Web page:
🏎 Meetings with remarkable people

Between December 2021 and May 2022 I have been involved on an incredible journey that led me to discover and investigate the cultures and ways of living of two countries that I have come to love: Mauritius Island and Uganda.

This experience allowed me to live extremely different dynamics to what I was used to and gave me the opportunity to get in touch with people and places that fed my desire to investigate the space that surrounds me, who lives it and how they live it.
I have collected a lot of material, developed various exercises and explored new means of archiving the present which I will have the pleasure of sharing soon.

What I intend to share now is the story of an encounter, lasting less than an hour, outside of a supermarket in Mauritius Island, with a person I will certainly never forget:
Ajeanmarie.

Unaware that I would have met him that day, I did not carry with me any means of documenting this fantastic moment.
I will therefore limit myself to recounting what happened and accompanying it with photos of the place where we met, the pencil Ajeanmarie used and what he imagined.

I hope to see you again Ajeanmarie.

It was a great pleasure.







Tamarin (Mauritius Island) January, 24th 2022 _ 12:30 p.m.

That day I went to the supermarket to buy a block of paper to visually document my surroundings.
When I came out, I noticed a man sitting next to where I had parked my motorbike.
His eyes looked tired but full of hope, he was wearing a shabby shirt and he was carrying a backpack that had run its course.

He had long hair and a beard, and beside him were two old-school crutches. When I approached the motorbike he looked at me, and noticing the block of paper I was holding, he asked me if I liked drawing. I said yes.
The man spoke in Mauritian Creol, a language I find difficult to understand clearly, especially considering his accent.
However, we managed to understand each other. He tells me that he also likes to draw and that he likes cars.

He asks me if I have money to give him, but I only have my credit card with me. He seems like a good man and I want to help him, so I decide to go back to the supermarket to buy him some water, bread and a banana.

Before leaving the store, I found a small pencil on a table next to the checkout counter, the kind used to fill in the lottery tickets. I took it.
I went back to the parking and Ajeanmarie was still waiting for me. I gave him food and water and with them the pencil and one of the sheets of paper I had bought. I told him that they were a present for him so he could draw whenever he wanted.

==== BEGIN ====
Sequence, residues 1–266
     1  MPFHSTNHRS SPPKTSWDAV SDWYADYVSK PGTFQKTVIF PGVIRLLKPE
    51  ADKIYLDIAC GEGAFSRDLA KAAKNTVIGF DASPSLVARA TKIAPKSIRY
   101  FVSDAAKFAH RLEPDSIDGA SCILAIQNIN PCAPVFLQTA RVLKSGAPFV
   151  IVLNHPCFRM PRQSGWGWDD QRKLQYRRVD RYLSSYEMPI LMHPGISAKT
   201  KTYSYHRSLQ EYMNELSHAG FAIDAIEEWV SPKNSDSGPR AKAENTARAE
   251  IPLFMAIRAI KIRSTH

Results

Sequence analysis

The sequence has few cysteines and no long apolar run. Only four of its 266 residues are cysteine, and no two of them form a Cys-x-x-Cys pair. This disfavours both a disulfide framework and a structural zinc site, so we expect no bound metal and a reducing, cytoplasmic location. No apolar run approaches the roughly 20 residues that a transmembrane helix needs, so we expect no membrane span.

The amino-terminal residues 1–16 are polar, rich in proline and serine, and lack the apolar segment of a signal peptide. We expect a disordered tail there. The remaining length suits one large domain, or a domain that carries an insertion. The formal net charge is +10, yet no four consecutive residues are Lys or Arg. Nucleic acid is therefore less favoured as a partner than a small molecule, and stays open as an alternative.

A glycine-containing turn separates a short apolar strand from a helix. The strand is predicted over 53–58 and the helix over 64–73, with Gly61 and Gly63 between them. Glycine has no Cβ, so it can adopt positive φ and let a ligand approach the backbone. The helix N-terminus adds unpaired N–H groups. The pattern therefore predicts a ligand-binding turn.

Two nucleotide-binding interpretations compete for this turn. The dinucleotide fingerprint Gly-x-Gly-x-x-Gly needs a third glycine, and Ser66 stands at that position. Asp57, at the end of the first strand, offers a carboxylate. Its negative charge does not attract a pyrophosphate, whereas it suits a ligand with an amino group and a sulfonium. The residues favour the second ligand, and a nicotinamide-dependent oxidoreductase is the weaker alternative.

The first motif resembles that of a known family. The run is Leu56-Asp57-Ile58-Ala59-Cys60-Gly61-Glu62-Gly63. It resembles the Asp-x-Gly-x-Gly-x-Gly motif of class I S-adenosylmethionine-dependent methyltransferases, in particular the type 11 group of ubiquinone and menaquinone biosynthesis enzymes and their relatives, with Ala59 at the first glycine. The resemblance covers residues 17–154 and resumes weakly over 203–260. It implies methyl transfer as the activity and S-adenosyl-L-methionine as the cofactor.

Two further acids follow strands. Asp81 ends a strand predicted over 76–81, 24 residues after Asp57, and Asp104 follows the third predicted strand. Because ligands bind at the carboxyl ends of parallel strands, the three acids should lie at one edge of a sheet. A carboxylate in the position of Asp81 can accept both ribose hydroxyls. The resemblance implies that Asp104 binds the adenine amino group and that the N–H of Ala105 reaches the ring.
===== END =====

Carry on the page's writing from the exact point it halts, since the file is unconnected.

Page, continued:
He immediately started to do so and began to draw a beautiful car.
He focused on the details and had an extremely firm and thoughtful stroke.
He started talking, I didn't understand everything. He was chewing on Creole, French, a few words in English and something in Italian. He teold me that the government does not consider people like him.
The handicapped.
They don't make a profit, so they are not interested. He was fascinated by cars, trains and planes.

He used to collect metal with which he built small models, which I understand were very well made.

He said he would like to be a bird.
To be free.

And in the meantime he turned the paper over and starts drawing another car, apparently faster than the other, a sort of speed car.
He looked like a very intelligent person, yet he is homeless.
He lives on the beach and is physically unwell.
We talked, or at least understand each other, for about an hour.

Time flew by.

I wanted to film how she holds the pencil, record her voice, but I had no camera or phone to do so.
It probably means it had to be this way.

He had many stories to tell and in the meantime he continued to draw, pressing the pencil harder and harder against the paper. I could have stayed there for hours.

At a certain point, a guard approaches and invites Ajeanmarie to move away, as "people like him" do not look good sitting in front of the supermarket.

However, he decided to finish what he has started and then collected his things and gave me back the paper and pencil. I helped him get up and, accompanied by the guard, he went towards the street.

I have not seen Ajanmarie since that day, but I have always carried a block of paper and a pencil with me in case I would have meet him again. It was a special meeting.

Thank you Ajeanmarie.







self_else 2022